There’s a saying on the wall in Dr. Nichole Griffin’s office that reads: “Enjoy the little things in life, for one day you’ll look back and realize they are the big things.”
Really, all those little things in life combined have led Nichole on her path to Heidelberg, where she’s nearing completion of her first full year as a member of the School of Education faculty. And that’s a big deal.
After 14 years of teaching math and social studies in K-12 public schools, Nichole says she was drawn to the school’s commitment to bringing together education and the community. “Dr. (Dawn) Henry talked about community programming, and I thought, ‘Yes! That’s somewhere I want to be.’”
“It’s cool to be in higher education … to be in a place with that focus was really important to me.”
Just like in life, higher education teaching has its share of “crazy moments” that keep the plates spinning, but Nichole views those moments as a confluence between the mountaintops and the valleys. “These points are a reaffirmation of what you’re doing, but all are growth moments.”
Now, she has the privilege of sharing the moments with future teachers studying middle school math and social studies. The key, she says, is to not stay too long on top of the mountains or entrenched in the valleys.
Positive classroom environment
Whether in a public school or a private college setting, Nichole – a self-described intentional optimist – brings a positive approach to her classroom.
“I try to create a space that is kind, compassionate, respectful, fair and firm,” she says. As a result, her students are thriving.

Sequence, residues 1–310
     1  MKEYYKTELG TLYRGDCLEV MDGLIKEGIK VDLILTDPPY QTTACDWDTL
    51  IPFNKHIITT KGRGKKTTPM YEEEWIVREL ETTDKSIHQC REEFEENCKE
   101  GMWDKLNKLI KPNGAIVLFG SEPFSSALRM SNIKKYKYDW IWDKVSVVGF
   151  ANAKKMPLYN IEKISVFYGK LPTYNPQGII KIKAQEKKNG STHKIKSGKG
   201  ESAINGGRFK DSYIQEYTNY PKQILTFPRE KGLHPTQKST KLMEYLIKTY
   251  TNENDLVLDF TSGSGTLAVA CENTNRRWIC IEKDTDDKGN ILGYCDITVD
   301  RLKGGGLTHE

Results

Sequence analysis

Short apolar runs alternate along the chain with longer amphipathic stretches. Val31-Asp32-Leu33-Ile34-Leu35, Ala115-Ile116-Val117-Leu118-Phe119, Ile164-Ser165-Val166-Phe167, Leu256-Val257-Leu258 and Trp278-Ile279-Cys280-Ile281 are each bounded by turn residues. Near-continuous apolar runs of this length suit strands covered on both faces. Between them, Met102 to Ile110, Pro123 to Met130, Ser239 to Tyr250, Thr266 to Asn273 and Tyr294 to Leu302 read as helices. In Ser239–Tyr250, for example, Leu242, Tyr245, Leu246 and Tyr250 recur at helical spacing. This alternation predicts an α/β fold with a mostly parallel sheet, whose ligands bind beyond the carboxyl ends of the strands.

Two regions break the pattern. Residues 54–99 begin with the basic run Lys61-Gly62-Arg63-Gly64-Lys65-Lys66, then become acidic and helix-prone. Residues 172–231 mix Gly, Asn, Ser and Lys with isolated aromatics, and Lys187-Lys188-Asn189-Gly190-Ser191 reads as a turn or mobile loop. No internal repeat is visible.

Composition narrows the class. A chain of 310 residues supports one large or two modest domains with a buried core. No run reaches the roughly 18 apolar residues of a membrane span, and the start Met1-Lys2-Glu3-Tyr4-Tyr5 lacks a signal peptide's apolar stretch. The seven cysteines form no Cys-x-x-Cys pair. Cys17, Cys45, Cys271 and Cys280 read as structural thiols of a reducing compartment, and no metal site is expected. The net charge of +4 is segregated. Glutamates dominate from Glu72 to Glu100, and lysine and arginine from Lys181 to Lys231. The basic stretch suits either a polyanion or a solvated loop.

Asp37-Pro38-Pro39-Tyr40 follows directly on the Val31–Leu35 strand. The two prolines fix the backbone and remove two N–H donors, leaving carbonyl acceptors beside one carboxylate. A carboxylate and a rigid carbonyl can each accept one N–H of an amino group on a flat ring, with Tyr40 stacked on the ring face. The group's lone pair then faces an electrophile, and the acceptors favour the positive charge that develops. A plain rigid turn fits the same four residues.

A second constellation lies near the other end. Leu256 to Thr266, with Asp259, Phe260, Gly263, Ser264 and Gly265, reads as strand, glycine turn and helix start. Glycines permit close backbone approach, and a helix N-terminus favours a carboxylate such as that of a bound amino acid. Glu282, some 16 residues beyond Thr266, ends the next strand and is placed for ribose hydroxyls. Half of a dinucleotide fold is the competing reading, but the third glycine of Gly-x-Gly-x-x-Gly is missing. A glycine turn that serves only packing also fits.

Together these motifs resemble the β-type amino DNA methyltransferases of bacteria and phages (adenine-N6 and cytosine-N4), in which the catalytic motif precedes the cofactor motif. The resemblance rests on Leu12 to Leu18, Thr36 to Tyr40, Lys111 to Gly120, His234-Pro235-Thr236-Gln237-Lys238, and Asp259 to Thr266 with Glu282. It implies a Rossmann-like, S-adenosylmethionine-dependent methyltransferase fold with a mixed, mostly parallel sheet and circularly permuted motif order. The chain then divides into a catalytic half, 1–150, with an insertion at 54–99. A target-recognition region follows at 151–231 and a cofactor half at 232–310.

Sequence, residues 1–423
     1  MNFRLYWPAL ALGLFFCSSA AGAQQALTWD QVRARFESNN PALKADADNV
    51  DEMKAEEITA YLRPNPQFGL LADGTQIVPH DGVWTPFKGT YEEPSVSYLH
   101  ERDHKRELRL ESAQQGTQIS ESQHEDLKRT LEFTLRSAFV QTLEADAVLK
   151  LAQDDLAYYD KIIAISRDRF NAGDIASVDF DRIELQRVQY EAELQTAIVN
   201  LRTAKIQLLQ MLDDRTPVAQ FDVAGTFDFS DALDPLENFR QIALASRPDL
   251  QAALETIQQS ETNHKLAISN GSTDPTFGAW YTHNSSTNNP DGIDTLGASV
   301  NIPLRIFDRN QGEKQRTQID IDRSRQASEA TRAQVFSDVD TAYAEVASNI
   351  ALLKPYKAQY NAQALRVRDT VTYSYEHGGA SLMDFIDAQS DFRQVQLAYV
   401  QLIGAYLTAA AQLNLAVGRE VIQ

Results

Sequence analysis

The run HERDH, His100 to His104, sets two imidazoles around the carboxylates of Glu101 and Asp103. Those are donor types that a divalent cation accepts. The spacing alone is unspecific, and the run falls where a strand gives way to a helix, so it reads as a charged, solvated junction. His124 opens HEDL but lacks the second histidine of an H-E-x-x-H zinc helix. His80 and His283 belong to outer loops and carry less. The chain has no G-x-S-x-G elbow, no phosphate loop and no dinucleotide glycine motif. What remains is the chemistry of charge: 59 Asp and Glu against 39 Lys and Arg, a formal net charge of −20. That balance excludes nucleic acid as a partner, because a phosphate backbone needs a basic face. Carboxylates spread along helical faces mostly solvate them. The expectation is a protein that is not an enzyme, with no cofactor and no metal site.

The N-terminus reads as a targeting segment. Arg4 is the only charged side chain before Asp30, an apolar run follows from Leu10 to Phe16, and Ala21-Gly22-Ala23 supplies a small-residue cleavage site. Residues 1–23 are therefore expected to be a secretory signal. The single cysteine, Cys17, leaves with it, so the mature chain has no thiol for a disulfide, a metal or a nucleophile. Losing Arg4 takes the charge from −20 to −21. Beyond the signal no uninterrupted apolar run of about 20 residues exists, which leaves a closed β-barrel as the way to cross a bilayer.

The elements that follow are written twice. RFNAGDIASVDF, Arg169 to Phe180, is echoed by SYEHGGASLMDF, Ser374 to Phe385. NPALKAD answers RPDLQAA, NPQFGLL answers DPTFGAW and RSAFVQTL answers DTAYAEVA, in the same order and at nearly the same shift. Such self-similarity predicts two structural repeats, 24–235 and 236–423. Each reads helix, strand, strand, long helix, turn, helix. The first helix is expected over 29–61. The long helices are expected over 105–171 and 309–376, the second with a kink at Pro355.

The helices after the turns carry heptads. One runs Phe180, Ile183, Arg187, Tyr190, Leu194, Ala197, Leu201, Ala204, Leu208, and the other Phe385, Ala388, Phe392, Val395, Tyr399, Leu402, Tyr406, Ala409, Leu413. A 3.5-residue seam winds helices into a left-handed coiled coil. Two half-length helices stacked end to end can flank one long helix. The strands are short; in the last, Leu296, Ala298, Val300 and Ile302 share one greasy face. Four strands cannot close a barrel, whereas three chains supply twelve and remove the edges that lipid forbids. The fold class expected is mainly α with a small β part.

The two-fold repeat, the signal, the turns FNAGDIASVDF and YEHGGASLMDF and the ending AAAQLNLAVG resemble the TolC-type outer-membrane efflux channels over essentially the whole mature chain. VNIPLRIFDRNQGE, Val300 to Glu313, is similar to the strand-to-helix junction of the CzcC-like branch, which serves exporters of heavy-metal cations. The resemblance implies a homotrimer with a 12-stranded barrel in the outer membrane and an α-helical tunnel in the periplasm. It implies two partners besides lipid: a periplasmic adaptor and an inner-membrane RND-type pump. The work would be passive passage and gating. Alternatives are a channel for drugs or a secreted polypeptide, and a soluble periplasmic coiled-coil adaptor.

When students feel safe and can begin to see their abilities more clearly, they begin to gain confidence that it’s OK to fail – because failure and mistakes can still lead to success, and that is something to celebrate.
Adaptability is equally important, according to Nichole. “The right kinds of teaching strategies can be impactful, but you have to be willing to make modifications for the students who are in front of you,” she says.
With those students, she adds, professors have the ability to have more meaningful discourse about ideas. “As the learner gets older, the conversations get deeper and more enriching. You see those ‘ah-ha’ moments are made faster.”
“And they have a slightly greater appreciation for my humor!”
A woman of faith
For Nichole, faith informs every phase of her life. Her personal teaching philosophy is born out of her faith; it includes extending grace to students every day. That’s part of a bigger picture.
“Teaching … listening … serving … all of these are rooted in what God is calling us to do,” she says. “This is the way I feel God has positioned me to serve humanity.”
In addition to living her faith through her teaching, Nichole continues to minister through her church in her native Cleveland. She teaches an online Bible study and Sunday school prayer meetings, and is trying to figure out her footing on her faith-based business.
Those spinning plates resurface again …